The policy of the respondent is in line with the two-zone policy recently recommended by the Province of Ontario to conservation authorities. Under this policy a more lenient approach is permitted in the area lying between the elevation of the one in one hundred year storm and the elevation of the regional storm, which area is known as the flood fringe. However, the policy requires that there be a strict control of the area in the floodway and in accordance with the provincial guidelines the respondent has adopted this policy. Applying this policy to the facts of the case and finding that the proposed building lies within a floodway, the permission requested was refused. As the proposed use involved a new use of property within the floodway and in particular a use of property in connection with which there would be no control for the protection of the building or the contents of the building either in the event of a regional flood or in the event of a one in one hundred year flood where there would be approximately three metres or one metre, respectively, of flooding, the requested approval was denied.
With reference to the issue of the policy of the respondent as it may be inferred from its conduct in granting other permissions evidence was produced regarding a number of properties. It was pointed out that a public works yard on Pemberton Street was constructed in the flood fringe and consisted of additions to existing buildings which would not be seriously affected by flooding and would not require flood-proofing. Reference was made to arestaurant called Gigi's Restaurant on Charles Street. This construction involved an application of a cut and fill principles some two thousand feet from the river and with the filling the building was raised above the flood plain, having been in the flood fringe prior to the filling.
With reference to Gardo Products, a feedmill, the permission was granted in respect of an extension of an existing building and was coupled with requirements for flood-proofing by the strengthening of foundations and raising the elevation of the first floor. This Site was said to be a greater distance away from the river than the subject lands.
Reference was made to a Dairy Queen in the area. This application involved a small structure in the flood fringe and was approved subject to flood-proofing to the regional storm elevation. The Ingersoll Planing Mill was granted permission to construct new buildings but only on the location of existing buildings which were removed. In that project, several buildings were torn down and compared with the present application it was pointed out that the buildings that had been removed were in the flood fringe and that only one silo had been removed from the floodway in which the appellant proposed to construct an 8,000 square foot building.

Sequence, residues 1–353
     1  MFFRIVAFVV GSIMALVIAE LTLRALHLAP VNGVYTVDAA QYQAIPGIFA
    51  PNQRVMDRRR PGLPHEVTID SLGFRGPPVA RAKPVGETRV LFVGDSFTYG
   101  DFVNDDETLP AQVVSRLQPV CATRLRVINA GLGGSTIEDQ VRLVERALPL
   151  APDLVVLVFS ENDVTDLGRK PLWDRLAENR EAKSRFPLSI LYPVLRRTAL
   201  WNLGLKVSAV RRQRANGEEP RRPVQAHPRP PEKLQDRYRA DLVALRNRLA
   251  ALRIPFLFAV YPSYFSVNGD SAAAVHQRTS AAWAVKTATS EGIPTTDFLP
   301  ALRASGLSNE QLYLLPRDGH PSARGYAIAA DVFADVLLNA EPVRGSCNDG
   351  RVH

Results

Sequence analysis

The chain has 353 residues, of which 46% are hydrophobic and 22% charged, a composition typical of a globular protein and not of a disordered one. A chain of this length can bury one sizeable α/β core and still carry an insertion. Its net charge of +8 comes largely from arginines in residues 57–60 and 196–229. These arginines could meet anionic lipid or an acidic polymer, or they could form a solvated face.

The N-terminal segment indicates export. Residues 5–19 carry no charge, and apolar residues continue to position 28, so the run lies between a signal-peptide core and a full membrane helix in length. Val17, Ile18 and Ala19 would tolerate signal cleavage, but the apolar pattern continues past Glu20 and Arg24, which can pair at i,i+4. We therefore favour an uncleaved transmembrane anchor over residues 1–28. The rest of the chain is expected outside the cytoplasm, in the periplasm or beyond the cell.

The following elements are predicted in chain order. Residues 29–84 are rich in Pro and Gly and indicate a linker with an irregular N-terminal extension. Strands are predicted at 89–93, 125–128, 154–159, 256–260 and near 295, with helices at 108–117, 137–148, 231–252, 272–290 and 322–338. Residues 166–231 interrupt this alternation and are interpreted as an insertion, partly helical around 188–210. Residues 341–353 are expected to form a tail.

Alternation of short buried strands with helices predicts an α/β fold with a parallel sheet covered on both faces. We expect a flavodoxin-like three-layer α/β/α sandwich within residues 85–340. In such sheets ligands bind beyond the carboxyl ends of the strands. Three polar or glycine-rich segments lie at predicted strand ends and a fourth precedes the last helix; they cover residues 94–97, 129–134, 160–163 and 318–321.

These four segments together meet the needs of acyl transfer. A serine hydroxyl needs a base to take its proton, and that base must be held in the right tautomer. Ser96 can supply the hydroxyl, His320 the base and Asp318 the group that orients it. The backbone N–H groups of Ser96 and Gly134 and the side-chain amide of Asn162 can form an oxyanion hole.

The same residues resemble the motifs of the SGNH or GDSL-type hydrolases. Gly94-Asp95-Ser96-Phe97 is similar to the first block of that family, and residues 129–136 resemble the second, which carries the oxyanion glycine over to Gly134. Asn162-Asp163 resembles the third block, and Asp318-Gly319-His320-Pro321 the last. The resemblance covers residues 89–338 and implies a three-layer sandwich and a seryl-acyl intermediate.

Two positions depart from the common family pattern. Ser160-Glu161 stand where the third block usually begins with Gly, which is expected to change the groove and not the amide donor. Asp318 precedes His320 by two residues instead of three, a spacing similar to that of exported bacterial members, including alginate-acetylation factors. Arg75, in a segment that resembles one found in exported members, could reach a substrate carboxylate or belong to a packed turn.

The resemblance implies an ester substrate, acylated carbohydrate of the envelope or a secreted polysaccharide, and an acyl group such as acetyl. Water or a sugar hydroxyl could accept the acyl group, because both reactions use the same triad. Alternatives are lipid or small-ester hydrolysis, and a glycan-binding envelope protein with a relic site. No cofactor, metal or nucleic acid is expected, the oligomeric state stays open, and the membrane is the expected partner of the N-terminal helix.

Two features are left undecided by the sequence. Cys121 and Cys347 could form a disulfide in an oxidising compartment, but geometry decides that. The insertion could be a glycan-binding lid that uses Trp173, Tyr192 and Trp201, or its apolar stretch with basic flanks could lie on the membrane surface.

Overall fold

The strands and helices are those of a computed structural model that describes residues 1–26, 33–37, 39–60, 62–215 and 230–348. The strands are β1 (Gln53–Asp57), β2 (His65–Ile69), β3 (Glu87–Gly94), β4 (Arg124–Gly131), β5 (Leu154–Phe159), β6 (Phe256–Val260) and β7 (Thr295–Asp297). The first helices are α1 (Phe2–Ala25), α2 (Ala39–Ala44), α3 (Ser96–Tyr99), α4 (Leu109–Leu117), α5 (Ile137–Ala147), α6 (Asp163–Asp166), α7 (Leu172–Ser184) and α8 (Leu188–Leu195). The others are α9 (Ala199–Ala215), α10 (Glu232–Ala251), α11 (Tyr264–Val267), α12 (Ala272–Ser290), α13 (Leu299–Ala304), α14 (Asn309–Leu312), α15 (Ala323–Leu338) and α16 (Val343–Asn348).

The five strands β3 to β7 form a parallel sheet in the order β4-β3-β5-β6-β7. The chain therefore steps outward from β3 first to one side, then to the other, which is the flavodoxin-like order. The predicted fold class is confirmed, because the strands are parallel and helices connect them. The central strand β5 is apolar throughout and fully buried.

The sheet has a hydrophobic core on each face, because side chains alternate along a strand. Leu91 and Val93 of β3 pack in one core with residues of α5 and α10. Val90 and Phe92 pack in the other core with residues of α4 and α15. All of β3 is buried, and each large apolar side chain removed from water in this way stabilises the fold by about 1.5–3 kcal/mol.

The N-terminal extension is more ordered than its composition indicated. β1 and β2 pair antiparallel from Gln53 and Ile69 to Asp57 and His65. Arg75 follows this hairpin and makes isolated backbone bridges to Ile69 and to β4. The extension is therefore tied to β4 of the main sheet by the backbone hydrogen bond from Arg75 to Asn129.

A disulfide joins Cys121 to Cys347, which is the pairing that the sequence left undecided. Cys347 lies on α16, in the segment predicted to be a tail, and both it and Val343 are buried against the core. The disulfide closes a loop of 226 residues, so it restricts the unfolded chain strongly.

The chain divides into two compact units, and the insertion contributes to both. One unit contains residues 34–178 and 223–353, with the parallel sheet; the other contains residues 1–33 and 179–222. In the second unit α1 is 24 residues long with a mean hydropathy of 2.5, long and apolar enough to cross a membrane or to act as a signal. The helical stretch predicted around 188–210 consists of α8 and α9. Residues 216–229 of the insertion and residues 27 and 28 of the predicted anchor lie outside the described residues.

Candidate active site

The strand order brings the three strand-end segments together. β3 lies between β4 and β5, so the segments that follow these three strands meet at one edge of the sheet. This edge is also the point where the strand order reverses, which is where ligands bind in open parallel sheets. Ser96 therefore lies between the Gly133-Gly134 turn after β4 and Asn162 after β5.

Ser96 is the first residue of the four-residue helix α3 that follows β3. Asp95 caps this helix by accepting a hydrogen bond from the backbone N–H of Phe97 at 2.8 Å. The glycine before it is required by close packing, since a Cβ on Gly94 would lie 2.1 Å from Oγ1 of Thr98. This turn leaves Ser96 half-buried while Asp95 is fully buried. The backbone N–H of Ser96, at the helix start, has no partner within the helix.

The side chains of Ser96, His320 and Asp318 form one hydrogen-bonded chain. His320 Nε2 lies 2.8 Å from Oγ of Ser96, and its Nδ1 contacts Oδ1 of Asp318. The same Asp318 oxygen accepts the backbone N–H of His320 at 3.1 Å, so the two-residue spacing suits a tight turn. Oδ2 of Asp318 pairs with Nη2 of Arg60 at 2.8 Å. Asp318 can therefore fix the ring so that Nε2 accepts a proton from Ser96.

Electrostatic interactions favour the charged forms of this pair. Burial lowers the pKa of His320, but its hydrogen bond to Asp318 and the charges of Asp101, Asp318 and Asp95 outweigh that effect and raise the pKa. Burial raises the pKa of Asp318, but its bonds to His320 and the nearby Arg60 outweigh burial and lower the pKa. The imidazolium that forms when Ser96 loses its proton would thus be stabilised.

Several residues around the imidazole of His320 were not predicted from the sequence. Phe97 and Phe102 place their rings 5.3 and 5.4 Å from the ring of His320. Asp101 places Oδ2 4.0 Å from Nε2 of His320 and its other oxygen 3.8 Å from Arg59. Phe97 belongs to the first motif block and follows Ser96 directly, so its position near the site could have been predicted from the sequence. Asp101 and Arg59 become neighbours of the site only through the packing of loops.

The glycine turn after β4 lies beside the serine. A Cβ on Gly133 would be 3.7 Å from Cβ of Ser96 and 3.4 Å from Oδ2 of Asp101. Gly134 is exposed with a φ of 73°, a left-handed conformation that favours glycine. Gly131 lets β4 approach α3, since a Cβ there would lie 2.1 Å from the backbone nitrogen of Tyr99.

Lastly, the possiblity of acquisition of the subject lands by the respondent or the Town of Ingersoll was raised. There is no indication that such an acquisition is imminent or has the first priority of these public bodies.
The submissions of the appellant were not based on any scientific approach but on the fact that there had been no flooding problems in respect of the subject lands since the re-alignment of the Thames River.
The submissions on behalf of the respondent were that the application had been dealt with in accordance with the policy of the respondent which policy is in accord with the recommended policy of the Province which prohibits the construction of new buildings in floodways. Reference Was made to the lack of access, even in the one in one hundred year storm, the risk of damage to the building and to the contents of tenants and the lack of access to and egress from the buildings both in the one in one hundred year storm and in the regional storm. It was also submitted that the size of the building created a considerable obstruction of the floodway in the event of a regional storm and would create a significant additional flooding hazard by reason of its location in the main channel during such an event. Reference was also made to the policy to acquire the subject lands when time and funds permitted.
It is apparent to the tribunal that the decision in this case was based on the policy of the Province of Ontario as adopted by the respondent. In addition the tribunal is satisfied that the policy as adopted was in fact applied and that by inference or otherwise it cannot be said that the policy ofthe respondent entitled the appellant to be granted permission in respect of the proposed building on the proposed site. The size of the building creates a significant loss of storage. The extent of the building creates, particularly in the event of a regional storm, a interference with the cross-section of thewatershed and its construction cannot be said to be in accordance with any recognized policy of flood plain management. The risk of damage to the building and to the contents both in a one in one hundred year storm and in a regional storm are apparent and the evidence of the appellant that such had not occurred since the rechannelization does not have any significant weight in assessing the risk in the light of the flood plain mapping that was done in the years 1980 to 1982.
The tribunal is satisfied that the appellant has not been denied the application of any policies administered by the respondent under which other applicants have been granted permission and as the application is clearly inconsistent with the accepted policies of the respondent and of the Province, the tribunal has no alternative but to dismiss the appeal.
Signed this 24th day of May, 1985.
Original signed by G.H. Ferguson
Mining and Lands Commissioner.